THE VIRGINIAN: HIGH STAKES (1966, USA) ***
net. National Broadcasting Company (NBC); pr co. Universal Television; d. Thomas Carr; w. Mark Rodgers, True Boardman (based on a story by Mark Rodgers); exec pr. Frank Price; pr. Winston Miller; ph. Enzo A. Martinelli (Technicolor. 35mm. Spherical. 1.33:1); m sup. Stanley Wilson; th. Percy Faith; ed. John Elias; ad. George Patrick; set d. Claire P. Brown, John McCarthy Jr.; cos. Vincent Dee; m/up. Bud Westmore, Larry Germain; sd. Edwin J. Somers Jr. (Mono); tr. 16 November 1966; r/t. 77m.
cast: James Drury (The Virginian), Jack Lord (Roy Dallman), Michael Ansara (Paul Dallman), Terry Moore (Alma Wilson), Dirk Rambo (Wesley Hedges), Harry Hickox (Charley Kane), Mark Tapscott (Sheriff Adams), William Fawcett (Hostler), Jon Locke (Red Rennick), Walter Reed (Caleb), Robert Carson (Elias Duke), William Vaughn (Ben).
(s. 5 ep. 10) When a friend (Rambo) of The Virginian (Drury) is killed and the posse won’t follow the killer out of the county, The Virginian goes alone. He tracks the killer (Lord) and a woman (Moore) involved to a remote outlaw controlled town but can he get them back to the law? The slow-paced episode is notable for the appearances of Lord and Ansara as outlaw brothers. Unfortunately, the script does not make the most of their talent and the set-up and denouement are disappointing. Drury is at his laconic best and Moore gives a sympathetic performance as escaped prisoner Ansara’s ex-wife.
VOYAGE TO THE BOTTOM OF THE SEA (USA, 1961) ***
Distributor: Twentieth Century Fox; Production Company: Irwin Allen Productions (as Windsor Productions); Release Date: 12 July 1961; Filming Dates: 25 January 1961 – April 1961; Running Time: 105m; Colour: DeLuxe; Sound Mix: 4-Track Stereo (Westrex Recording System); Film Format: 35mm; Film Process: CinemaScope (anamorphic); Aspect Ratio: 2.35:1; BBFC Cert: U.
Director: Irwin Allen; Writer: Irwin Allen, Charles Bennett (based on a story by Irwin Allen); Producer: Irwin Allen; Director of Photography: Winton C. Hoch; Music Composer: Paul Sawtell, Bert Shefter; Film Editor: George Boemler; Production Designer: ; Art Director: Herman A. Blumenthal, Jack Martin Smith; Set Decorator: Walter M. Scott, John Sturtevant; Costumes: Paul Zastupnevich; Make-up: Ben Nye; Sound: Alfred Bruzlin, Warren B. Delaplain; Special Effects: Johnny Borgese (uncredited); Visual Effects: L.B. Abbott.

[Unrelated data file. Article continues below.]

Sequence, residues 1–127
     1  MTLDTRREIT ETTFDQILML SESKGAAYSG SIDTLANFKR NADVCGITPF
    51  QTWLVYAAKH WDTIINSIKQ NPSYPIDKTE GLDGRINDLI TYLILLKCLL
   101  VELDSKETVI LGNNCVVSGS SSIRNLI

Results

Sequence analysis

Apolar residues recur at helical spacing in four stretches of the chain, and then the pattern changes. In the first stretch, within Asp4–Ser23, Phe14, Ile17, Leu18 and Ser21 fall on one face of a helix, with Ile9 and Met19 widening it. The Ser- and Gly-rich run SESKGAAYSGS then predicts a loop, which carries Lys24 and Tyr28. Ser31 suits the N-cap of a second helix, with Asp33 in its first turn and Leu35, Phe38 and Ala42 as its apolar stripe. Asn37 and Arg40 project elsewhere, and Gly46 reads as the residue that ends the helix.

Cast: Walter Pidgeon (Adm. Harriman Nelson), Joan Fontaine (Dr. Susan Hiller), Barbara Eden (Lt Cathy Connors), Peter Lorre (Comm. Lucius Emery), Robert Sterling (Capt. Lee Crane), Michael Ansara (Miguel Alvarez), Frankie Avalon (Lt (j.g.) Danny Romano), Regis Toomey (Dr. Jamieson), John Litel (Vice-Adm. B.J. Crawford), Howard McNear (Congressman Llewellyn Parker), Henry Daniell (Dr. Zucco), Skip Ward (Crew member), Mark Slade (Seaman Jimmy ‘Red’ Smith), Charles Tannen (CPO Gleason), Del Monroe (Seaman Kowski), Anthony Monaco (Cookie), Michael Ford (Crew member), Robert Easton (Sparks), Jonathan Gilmore (Seaman George Young).
Synopsis: An Admiral takes a brand new atomic submarine through its paces. When the Van Allen radiation belt catches fire, the admiral must find a way to beat the heat or watch the world go up in smoke.
Comment: Enjoyable bit of nonsense which became one of its producer’s most successful ventures. Pidgeon is a few levels above the material and his dignified performance keeps you believing in the fantastical events that are unfolding. The topic of global catastrophe triggered by man’s ability to pollute the planet has gained in significance over the years with the debates on global warming. As such much of this tale will resonate with modern audiences. The script, however, lacks sufficient depth to make the most of these potential messages. There is kids adventure stuff too with one of the underwater sequences involving struggles with a giant octopus. The film was successful enough for Allen to transition it toTV.
Notes: Song: “Voyage to the Bottom of the Sea,” music and lyrics by Russell Faith. Followed by a TV series (1964-8). This story was remade as an episode of the TV series “The Sky’s on Fire” (season 2, episode 18) broadcast on 23 January 1966.